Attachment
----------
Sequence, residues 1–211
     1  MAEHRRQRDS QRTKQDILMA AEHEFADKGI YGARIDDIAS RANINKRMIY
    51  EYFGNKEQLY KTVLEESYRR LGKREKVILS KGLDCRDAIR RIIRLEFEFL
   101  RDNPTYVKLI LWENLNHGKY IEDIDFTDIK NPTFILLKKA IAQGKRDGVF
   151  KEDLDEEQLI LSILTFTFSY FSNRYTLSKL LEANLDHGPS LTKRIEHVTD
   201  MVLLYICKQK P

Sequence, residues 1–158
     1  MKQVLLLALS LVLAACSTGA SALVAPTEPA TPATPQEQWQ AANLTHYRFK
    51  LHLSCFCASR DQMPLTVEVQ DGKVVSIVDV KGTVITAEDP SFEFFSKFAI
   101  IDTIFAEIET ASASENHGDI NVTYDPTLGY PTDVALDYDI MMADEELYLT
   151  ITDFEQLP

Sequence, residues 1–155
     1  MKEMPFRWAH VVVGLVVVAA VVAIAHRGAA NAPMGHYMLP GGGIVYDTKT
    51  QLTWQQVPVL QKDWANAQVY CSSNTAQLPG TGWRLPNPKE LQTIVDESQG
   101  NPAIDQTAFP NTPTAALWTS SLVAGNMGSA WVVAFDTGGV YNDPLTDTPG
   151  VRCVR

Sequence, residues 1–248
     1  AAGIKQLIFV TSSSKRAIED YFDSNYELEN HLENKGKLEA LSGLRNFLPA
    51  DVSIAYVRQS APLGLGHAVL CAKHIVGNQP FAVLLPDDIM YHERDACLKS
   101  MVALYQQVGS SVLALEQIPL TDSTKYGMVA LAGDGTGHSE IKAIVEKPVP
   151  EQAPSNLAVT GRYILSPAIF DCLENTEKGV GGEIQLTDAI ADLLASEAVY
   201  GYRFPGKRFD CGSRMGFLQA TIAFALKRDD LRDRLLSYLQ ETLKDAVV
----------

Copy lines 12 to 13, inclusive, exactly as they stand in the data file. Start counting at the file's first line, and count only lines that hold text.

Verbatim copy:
Sequence, residues 1–155
     1  MKEMPFRWAH VVVGLVVVAA VVAIAHRGAA NAPMGHYMLP GGGIVYDTKT